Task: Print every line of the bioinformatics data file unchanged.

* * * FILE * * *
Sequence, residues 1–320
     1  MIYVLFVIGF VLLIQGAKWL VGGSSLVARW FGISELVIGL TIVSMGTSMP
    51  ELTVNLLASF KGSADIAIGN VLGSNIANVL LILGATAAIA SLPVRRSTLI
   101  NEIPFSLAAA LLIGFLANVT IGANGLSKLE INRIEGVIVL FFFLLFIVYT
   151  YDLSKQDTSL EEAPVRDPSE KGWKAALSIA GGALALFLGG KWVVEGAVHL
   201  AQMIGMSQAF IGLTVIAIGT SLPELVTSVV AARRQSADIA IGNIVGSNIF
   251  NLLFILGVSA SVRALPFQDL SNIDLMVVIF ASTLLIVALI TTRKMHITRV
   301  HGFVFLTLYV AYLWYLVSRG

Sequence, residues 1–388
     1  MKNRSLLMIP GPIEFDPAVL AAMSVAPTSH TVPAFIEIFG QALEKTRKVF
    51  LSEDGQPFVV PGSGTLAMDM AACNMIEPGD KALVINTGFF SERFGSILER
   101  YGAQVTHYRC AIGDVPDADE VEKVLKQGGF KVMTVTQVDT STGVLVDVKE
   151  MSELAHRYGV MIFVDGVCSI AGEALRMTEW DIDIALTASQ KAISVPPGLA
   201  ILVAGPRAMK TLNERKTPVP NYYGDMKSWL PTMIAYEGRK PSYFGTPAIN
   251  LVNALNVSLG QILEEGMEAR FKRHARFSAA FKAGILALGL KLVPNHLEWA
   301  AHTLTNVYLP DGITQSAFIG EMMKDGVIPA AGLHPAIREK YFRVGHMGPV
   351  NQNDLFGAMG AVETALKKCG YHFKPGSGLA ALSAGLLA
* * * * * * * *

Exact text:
Sequence, residues 1–320
     1  MIYVLFVIGF VLLIQGAKWL VGGSSLVARW FGISELVIGL TIVSMGTSMP
    51  ELTVNLLASF KGSADIAIGN VLGSNIANVL LILGATAAIA SLPVRRSTLI
   101  NEIPFSLAAA LLIGFLANVT IGANGLSKLE INRIEGVIVL FFFLLFIVYT
   151  YDLSKQDTSL EEAPVRDPSE KGWKAALSIA GGALALFLGG KWVVEGAVHL
   201  AQMIGMSQAF IGLTVIAIGT SLPELVTSVV AARRQSADIA IGNIVGSNIF
   251  NLLFILGVSA SVRALPFQDL SNIDLMVVIF ASTLLIVALI TTRKMHITRV
   301  HGFVFLTLYV AYLWYLVSRG

Sequence, residues 1–388
     1  MKNRSLLMIP GPIEFDPAVL AAMSVAPTSH TVPAFIEIFG QALEKTRKVF
    51  LSEDGQPFVV PGSGTLAMDM AACNMIEPGD KALVINTGFF SERFGSILER
   101  YGAQVTHYRC AIGDVPDADE VEKVLKQGGF KVMTVTQVDT STGVLVDVKE
   151  MSELAHRYGV MIFVDGVCSI AGEALRMTEW DIDIALTASQ KAISVPPGLA
   201  ILVAGPRAMK TLNERKTPVP NYYGDMKSWL PTMIAYEGRK PSYFGTPAIN
   251  LVNALNVSLG QILEEGMEAR FKRHARFSAA FKAGILALGL KLVPNHLEWA
   301  AHTLTNVYLP DGITQSAFIG EMMKDGVIPA AGLHPAIREK YFRVGHMGPV
   351  NQNDLFGAMG AVETALKKCG YHFKPGSGLA ALSAGLLA